deece — Sun, 21/07/2013 - 11:27pm
This board is designed to allow quick prototyping of wearable LED projects. It features an array of 24 WS-2812 RGB LEDs that are controlled by a single line from a microcontroller. Multiple boards may be daisychained together for larger arrays. When you are done prototyping your project, simply snap out the LEDs from the carrier board and sew them into fabric using conductive thread.
angusgr — Sun, 05/08/2012 - 10:53pm
I designed and made an acrylic box to hold our Rep Rap Pro Huxley 3d printer.
wil5on — Wed, 08/02/2012 - 1:40am
Bought a small, cheap RC heli a while ago. Didn't play with it much, decided it was time to see what was in it! Unfortunately I neglected to take a bunch of photos of the internals - I might do so later and will fix this article up if I do.
I got the heli from Hobbyking - it was only $10, an impulse buy on top of an existing order: http://www.hobbyking.com/hobbyking/store/uh_viewItem.asp?idProduct=11309
wil5on — Fri, 27/01/2012 - 12:17am
I put up some webcams around the space attached to an old laptop. I used them to record a timelapse video today!
As you can (hopefully) tell from the video, one camera is looking at the welding area, and the other is looking down onto the electronics bench (taped to the magnifier). I'll be adding more cameras and rearranging everything when I can.
adr1an — Fri, 25/11/2011 - 12:04am
(Now on Hack a Day - I'm chuffed! )
With the explosion of the hobbyist microcontroller scene the past few years, PCB fab houses have sprung up left right and centre. At these wonderous places, you can get professional quality PCBs fabricated for your every desires for reasonable costs. They can range from very low cost and looooong lead times, to acceptable prices (~$50-$100) for low volume runs ('protoype' services). At the larger end of the scale, you can panelise your design and get even better value per PCB...
Whilst these services are great - and put pro-quality PCBs in the everymans hands - they have besides the cost and lead times one other annoying problem - how do you know your design even works ? Nothing more infuriating than getting 5 professionally silk screened coffee coasters back after waiting 3 weeks.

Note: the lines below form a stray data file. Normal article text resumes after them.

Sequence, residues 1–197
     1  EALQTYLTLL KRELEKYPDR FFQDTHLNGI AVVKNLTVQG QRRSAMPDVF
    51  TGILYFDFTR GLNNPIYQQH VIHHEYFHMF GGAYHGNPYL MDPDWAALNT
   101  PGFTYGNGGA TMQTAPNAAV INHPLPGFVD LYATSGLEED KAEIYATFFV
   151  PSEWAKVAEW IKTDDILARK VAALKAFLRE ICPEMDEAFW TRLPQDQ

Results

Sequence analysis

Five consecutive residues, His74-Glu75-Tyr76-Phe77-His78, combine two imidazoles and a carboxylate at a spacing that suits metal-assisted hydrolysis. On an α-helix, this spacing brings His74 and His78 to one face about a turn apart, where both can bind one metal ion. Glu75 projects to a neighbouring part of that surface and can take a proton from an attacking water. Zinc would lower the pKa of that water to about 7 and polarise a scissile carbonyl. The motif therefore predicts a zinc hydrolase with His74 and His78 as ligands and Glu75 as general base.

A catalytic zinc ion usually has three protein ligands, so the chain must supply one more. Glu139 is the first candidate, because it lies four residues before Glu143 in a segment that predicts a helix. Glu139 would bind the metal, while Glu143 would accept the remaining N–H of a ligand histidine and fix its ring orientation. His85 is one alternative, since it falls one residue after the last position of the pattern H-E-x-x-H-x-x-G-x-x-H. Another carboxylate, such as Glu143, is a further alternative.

Given the above, and because I'm notoriously impatient and hate waste - I often fab my own boards still. Using this method I can draw up a design in Eagle and from there have an etched PCB waiting for components in just 30 minutes. Fantastic for Friday Night Hacking! Using this method you can, with a bit of practice, get down to 8mil quite easily and some have even managed smaller.
adr1an — Fri, 04/11/2011 - 2:23am
This project is to convert a fairly ordinary (read below - there is some caveats) Toaster Oven into an SMD Reflow Oven. To accomplish this, I've decided to combine an Arduino Mega (I have a few idle Rev A 1280's and need the I/O Ports for...) , a 3.2" TFT Touch Screen interface, some Thermocouples + Associated Hardware and the Australian Robotics Smart Relay Shield .
wil5on — Tue, 21/06/2011 - 12:58pm
The ammo counter, the most ubiquitous and humble of FPS game elements, but completely absent from Nerf combat (apart from some transparent magazines). I decided to remedy this!
I've taken a Nerf Stampede (electric, fully automatic, clip-fed) and added an IR light gate to detect shots, broken out one of the clip insertion interlock switches to detect reloading, and added a display for the count, with an Arduino to act as the brains.
The ASync-Firefly is an Analog Synchronising Firefly very heavily inspired by the Synchronising Firefly kit from Alex at Tinkerlog. I was inspired to see what it would take to replace the ATiny13 with common, off the shelf analog parts. My goals were to have no digital parts (which I failed at), using only through hole parts I could get from my local Jaycar (successful) and being able to use a single battery to run a string of kits (successful).
For those unfamiliar with Alex's kit; the basic premiss is that when you set up a few kits within range of each other they start of blinking randomly. As each kit detects flashes from their neighbours they adjust their phase slightly to try and synchronise themselves. It's a very nice example of self organising systems.